Tuesday, 19 August 2008

Over Blue Yonder

My ships quilt was made from scraps. Left over from previous projects.

Poor thing had been stuffed in a drawer for 2 years! All blocks were finished waiting to be lovingly put together. Once started I found it hard to put down, there were other quilts needed planning and sewing like 5 puff quilts, might I add, all for lovely babes that were blessed to couples, friends of daughters 1 and 2.
The Quilt was an inspiration of my childhood, the beautiful blue sky and visits to the seaside. RicRac resembling the Water, Pearl Buttons:- sea shells, also Buttons and Shiska mirrors for portholes.
While sewing on the puffs my dearest friend said they looked like limpets, just the thing for a seaside theme!

With my love of Buttonhole Stitch it just finished off the quilt lovely.
I'm very pleased with the Results. One UFO Done!

GanGan's latest seaside memory!

Monday, 11 August 2008


A few years ago I went to Coldharbour Mill at Uffculme, near Collompton in Devon, and a fascinating trip it proved to be.

It had been in continuous use for the weaving of yarn from being built in 1799 until it was closed in 1981. It was re-opened in 1982 as a textile museum and is open to the public. We were lucky enough to go on a tour of the mill and see woollen yarn being made, from fleece to the finished knitting yarn. I don't know how often these tours take place, but Coldharbour Mill has it's own website so it would be easy to find out. The tour we went on consisted of four adults and a dog!

One of many baskets of bobbins in the mill
There is a shop at the site selling the finished yarn, as well as rugs and tartans, which I believe are also made on the premises.
The site is full of interesting industrial artifacts, enough engine-type things to keep the men interested, and a photographers dream. Good cafe too.

And while on the subject:-

The little bobbin block is one of my favourite patterns, which I love to combine with florally fabrics, most of these in the photos are Liberty lawn, although some other cotton lawns have sneaked in too.

The quilt below is the one I made first, and although it is very pretty, and actually contains more of my favourite Liberty lawn patterns I'm not so keen on the setting I used. At the time I used sashing for speed and to increase the size, but I wish I had not been so impatient.

I suppose the origin of the pattern shape was the old wooden cotton reels of my youth, as this is what they looked like in profile, I can't think that the modern plastic ones could inspire you, but who knows, I may soon be proved wrong.

It's quite a simple pattern to make. Basically four triangles, two of which are made of joined backing fabric and floral fabric, and the other two of just the floral fabric. Each of my little blocks is 4 1/2inches (12cms) square. If you cut an accurate square of paper or card, divide it diagonally then cut it into 4 pieces you will have the first piece of pattern. Then rule a line 1 inch (or 2.5cm) from the pointy end of one of the triangles, cut it and you will have two more pattern pieces. Draw round these pieces on your fabric, adding a quarter inch seam allowance and you can start to make your first block. This is one of the few patterns I like to sew by hand, I just keep working at them when I am in the mood, and if you are careful to add a regular seam allowance it's quite therapeutic. It makes an ideal scrap quilt.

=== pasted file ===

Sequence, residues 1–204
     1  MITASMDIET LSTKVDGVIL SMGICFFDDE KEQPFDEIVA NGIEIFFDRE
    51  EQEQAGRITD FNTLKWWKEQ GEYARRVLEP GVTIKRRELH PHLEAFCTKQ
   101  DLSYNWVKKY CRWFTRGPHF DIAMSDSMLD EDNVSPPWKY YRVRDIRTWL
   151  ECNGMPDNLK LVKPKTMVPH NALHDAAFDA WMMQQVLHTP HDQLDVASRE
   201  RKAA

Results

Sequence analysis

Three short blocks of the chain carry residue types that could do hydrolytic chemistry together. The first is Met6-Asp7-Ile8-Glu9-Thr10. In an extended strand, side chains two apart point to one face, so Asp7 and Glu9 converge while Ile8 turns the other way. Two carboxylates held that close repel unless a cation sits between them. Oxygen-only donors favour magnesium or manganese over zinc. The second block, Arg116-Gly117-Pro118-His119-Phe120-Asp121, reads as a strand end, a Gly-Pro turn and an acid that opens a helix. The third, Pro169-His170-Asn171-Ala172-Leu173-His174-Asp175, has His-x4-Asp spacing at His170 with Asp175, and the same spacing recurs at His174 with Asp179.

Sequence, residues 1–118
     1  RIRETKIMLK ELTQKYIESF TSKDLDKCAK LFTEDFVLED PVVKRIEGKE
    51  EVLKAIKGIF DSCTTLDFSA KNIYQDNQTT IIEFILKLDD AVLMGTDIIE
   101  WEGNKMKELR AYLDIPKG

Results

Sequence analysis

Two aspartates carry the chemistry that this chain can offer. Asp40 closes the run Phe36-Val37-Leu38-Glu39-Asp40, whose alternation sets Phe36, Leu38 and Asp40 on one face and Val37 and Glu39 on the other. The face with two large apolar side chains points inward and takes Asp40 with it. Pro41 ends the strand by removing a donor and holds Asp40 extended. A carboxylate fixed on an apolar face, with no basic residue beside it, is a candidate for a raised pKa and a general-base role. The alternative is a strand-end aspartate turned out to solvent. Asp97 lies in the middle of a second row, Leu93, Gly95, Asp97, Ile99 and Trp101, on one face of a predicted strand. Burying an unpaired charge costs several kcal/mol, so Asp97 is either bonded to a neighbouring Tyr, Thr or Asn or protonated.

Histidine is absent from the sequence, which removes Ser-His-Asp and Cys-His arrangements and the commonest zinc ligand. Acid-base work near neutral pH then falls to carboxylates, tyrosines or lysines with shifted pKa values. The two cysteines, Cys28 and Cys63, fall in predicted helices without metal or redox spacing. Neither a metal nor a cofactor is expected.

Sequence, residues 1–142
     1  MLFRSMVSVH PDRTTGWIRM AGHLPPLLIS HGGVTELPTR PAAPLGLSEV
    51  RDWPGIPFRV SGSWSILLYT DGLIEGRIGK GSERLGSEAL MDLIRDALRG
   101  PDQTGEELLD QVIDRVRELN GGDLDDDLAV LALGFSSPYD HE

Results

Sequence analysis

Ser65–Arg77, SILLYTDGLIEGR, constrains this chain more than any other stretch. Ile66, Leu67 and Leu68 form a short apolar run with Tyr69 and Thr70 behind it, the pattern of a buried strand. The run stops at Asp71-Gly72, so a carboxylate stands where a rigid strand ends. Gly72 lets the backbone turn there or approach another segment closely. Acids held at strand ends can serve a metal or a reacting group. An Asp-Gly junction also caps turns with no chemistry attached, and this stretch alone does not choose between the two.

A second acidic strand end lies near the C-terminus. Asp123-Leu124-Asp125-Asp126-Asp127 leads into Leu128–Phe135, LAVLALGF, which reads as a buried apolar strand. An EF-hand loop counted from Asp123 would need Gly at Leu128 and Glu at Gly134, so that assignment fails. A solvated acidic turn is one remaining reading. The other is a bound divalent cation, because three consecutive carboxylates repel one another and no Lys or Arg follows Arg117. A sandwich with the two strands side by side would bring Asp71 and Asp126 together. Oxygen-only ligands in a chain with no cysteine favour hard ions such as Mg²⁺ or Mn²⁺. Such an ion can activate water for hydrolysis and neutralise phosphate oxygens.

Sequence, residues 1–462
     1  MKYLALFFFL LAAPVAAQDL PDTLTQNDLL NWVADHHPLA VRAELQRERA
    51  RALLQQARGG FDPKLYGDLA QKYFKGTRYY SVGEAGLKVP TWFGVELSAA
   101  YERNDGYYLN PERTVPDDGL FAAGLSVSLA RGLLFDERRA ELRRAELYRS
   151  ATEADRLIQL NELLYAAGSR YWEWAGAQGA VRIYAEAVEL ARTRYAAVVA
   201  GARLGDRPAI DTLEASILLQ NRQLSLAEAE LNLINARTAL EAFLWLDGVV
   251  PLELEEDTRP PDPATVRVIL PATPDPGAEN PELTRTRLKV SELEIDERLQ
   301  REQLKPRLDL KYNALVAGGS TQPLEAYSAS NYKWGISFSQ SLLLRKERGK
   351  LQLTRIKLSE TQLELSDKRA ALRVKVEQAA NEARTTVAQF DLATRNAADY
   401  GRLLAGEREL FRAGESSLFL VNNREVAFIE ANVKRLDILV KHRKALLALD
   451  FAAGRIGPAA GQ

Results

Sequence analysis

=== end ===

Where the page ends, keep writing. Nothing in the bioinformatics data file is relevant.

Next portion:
Wednesday, 6 August 2008

Cleeve Abbey

On the way to Devon last week we visited Cleeve Abbey, which is not far from Washford in Somerset. We have passed the sign to the Abbey hundreds of times, but finally made the detour, and realise what a gem we had been missing.

This Cistercian Abbey, an English Heritage property, is the most complete and unaltered set of monastic cloister buildings in England. The roof timbers are absolutely amazing, as is a 13th century floor of heraldic tiles, currently under a white marquee for conservation reasons.

There is a big car park at Cleeve Abbey, with a large grassy area, where a couple of families were picnicking. In spite of there being several cars in the car park the Abbey itself did not feel in any way crowded, maybe because it is a bit off the beaten track and the casual passer-by may well think it is 'only' another glorious ruin

Monday, 4 August 2008

The Bloggers

Last week we had a bloggers' lunch, ostensibly to encourage ourselves to keep posting and remind ourselves of how to do it. However, as with our 'sewing days' we are easily distracted and not a finger was laid on the keyboard!

Imogen brought me these roses from her beautiful garden, so I wanted to post an image of them in our blog, although the photo was taken several days afterwards as I was away from home for a few days.